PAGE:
Talk:Hetch Hetchy Valley

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Does anybody know why is it called Hetch Hetchy? jengod 21:02, Feb 10, 2004 (UTC)

Added info to article -- hike395 17:25, 11 Feb 2004 (UTC)

Who is this California state geologist C.F. Hoffman was the first person to survey Hetch Hetchy Valley. Hoffman quoted Joseph Screech, the first European to live in Hetch Hetchy, that the Paiutes were the owners of Hetch Hetchy Valley. They would gather seeds, acorns and berries in Hetch Hetch Valley. Porcupine grass in Paiute is called Huki. Pural of Huki is Huk'Huki in Paiute. -- User:

"Hetch Hetchy" (from Farquhar Place Names of the High Sierra) says "Named from a Central Miwok word denoting a kind of grass or plant with edible seeds abounding in the valley.” No acorns were involved or harmed in this name. Acorn is a completely differenent word, waty'k.a Dananderson 17:41, 29 July 2005 (UTC)

Actually the Paiutes also called Hetch Hetchy "Aweaha", pronounced "Ah-wey-ah". Aweaha is acorn in Paiute. Paiutes used food names to describe certain areas. The dictionary linked above is to the Central Miwok dictionary. It is recorded that Paiutes were the Indians of Hetch Hetchy, not Miwoks.

Joseph, Nate and William Screech encountered Paiutes when they entered Hetch Hetchy Valley around 1850. Hetch Hetchy is northwest of Yosemite Valley inside Yosemite National Park. In 1851 Savage and the Mariposa Battalion went after Chief Tenaya just miles souheast of Hetch Hetchy. Then is it possible that Tenaya was part of the Paiutes that the Screeches encountered? Remember that Tenaya was documented to be 1/2 Mono Lake Paiute.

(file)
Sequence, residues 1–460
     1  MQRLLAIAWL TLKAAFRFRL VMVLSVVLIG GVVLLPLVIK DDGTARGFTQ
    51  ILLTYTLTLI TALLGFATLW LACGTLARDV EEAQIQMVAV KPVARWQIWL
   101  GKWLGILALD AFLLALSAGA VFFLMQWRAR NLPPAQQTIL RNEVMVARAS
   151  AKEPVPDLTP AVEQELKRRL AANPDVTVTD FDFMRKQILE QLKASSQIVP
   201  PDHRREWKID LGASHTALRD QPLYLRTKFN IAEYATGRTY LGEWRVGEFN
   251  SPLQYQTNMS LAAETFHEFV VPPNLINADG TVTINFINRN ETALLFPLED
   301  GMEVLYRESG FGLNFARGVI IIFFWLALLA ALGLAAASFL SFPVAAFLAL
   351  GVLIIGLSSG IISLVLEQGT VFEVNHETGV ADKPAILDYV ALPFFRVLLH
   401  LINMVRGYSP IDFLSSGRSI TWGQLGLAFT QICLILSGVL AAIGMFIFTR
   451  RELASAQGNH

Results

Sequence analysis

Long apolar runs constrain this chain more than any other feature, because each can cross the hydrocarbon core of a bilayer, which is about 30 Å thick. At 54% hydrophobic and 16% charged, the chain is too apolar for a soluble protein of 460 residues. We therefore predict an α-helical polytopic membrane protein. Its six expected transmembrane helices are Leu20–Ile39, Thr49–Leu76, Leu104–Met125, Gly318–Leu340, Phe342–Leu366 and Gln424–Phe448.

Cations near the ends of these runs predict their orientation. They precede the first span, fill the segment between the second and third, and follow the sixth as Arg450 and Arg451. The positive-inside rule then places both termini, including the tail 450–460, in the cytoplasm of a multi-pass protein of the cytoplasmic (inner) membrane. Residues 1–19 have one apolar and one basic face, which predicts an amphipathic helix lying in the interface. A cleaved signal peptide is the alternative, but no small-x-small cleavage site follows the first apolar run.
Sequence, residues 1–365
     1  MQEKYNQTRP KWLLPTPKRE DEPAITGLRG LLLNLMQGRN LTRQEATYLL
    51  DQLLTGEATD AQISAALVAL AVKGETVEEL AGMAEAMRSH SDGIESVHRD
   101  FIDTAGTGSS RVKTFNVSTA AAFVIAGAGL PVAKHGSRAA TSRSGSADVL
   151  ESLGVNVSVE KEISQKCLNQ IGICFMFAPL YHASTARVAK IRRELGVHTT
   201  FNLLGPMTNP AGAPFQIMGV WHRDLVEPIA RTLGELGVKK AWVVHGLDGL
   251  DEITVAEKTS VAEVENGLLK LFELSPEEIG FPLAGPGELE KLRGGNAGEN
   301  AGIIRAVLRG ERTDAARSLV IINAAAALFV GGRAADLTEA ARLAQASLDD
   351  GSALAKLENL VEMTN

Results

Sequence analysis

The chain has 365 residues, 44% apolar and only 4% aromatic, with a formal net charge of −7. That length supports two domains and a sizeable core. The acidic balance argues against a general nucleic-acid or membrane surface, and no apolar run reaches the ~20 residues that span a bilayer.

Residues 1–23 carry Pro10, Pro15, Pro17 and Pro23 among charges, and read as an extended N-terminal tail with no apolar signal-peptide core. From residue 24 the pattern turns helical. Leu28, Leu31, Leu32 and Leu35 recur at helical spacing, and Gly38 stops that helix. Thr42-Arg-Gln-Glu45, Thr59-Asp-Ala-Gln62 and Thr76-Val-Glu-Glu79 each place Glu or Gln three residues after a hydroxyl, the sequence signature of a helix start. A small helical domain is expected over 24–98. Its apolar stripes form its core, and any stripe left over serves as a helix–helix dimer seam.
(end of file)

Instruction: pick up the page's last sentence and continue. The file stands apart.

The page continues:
Definition of Hetch Hetchy Valley[edit]

I think the definition of the valley in the article as it now stands is incorrect. Hetch Hetchy is just part of the Tuolumne River valley --- it is the flat part below the Grand Canyon of the Tuolumne. Check out the topo map at [1]. Above Glen Aulin is Tuolumne Meadows, between Glen Aulin and (about) LeConte Point is the Grand Canyon of the Tuolumne [2], and below that is Hetch Hetchy, which used to be a beautiful flat meadow, but now is flooded.

So, all of the good new material about the upper part of the valley should probably be moved to the Tuolumne River article.

The reservoir and the valley are not completely coincident --- the reservoir overlaps into the Grand Canyon of the Tuolumne. But, if we move the material over to the Tuolumne River, I'm not sure if there is enough left for separate articles on Hetch Hetchy Valley, Hetch Hetchy Reservoir, and O'Shaughnessy Dam -- hike395 01:50, 10 Oct 2004 (UTC)

More evidence that Hetch Hetchy is not the whole Tuolumne valley. John Muir, in Chapter 16 of his book The Yosemite [3] (chapter titled "Hetch Hetchy Valley"), writes
The floor of the Valley is about three and a half miles long, and from a fourth to half a mile wide. The lower portion is mostly a level meadow about a mile long, with the trees restricted to the sides and the river banks, and partially separated from the main, upper, forested portion by a low bar of glacier-polished granite across which the river breaks in rapids.
Thus, Hetch Hetchy cannot stretch from O'Shaughnessy Dam to Tuolumne Meadows: they are at least 20 air miles apart. LeConte Point is about 3.5 miles upstream from the dam, so that is the eastern end of Hetch Hetchy Valley.
-- hike395 03:52, 10 Oct 2004 (UTC)
Gack! Thank you for pointing out this mistake. When I made my changes to this article, I assumed by analogy with Yosemite Valley that a single name applies to both the upper part and the lower part. (I must also admit that I was ignorant of any difference - I thought the terrain of the underwater western part was the same as that of the eastern part.) I Googled the name "Grand Canyon of the Tuolumne River", as printed on USGS maps, but came up with only a few hits, so I dismissed it as an aberration. I've been having nagging doubts about that assumption myself, but you've demonstrated that there are indeed two separate entities. I'll have to undo the mess I've made here, but unfortunately I don't know when I'll have the time for it. For now, I'll mark it with an accuracy dispute message. --Smack 05:46, 13 Oct 2004 (UTC)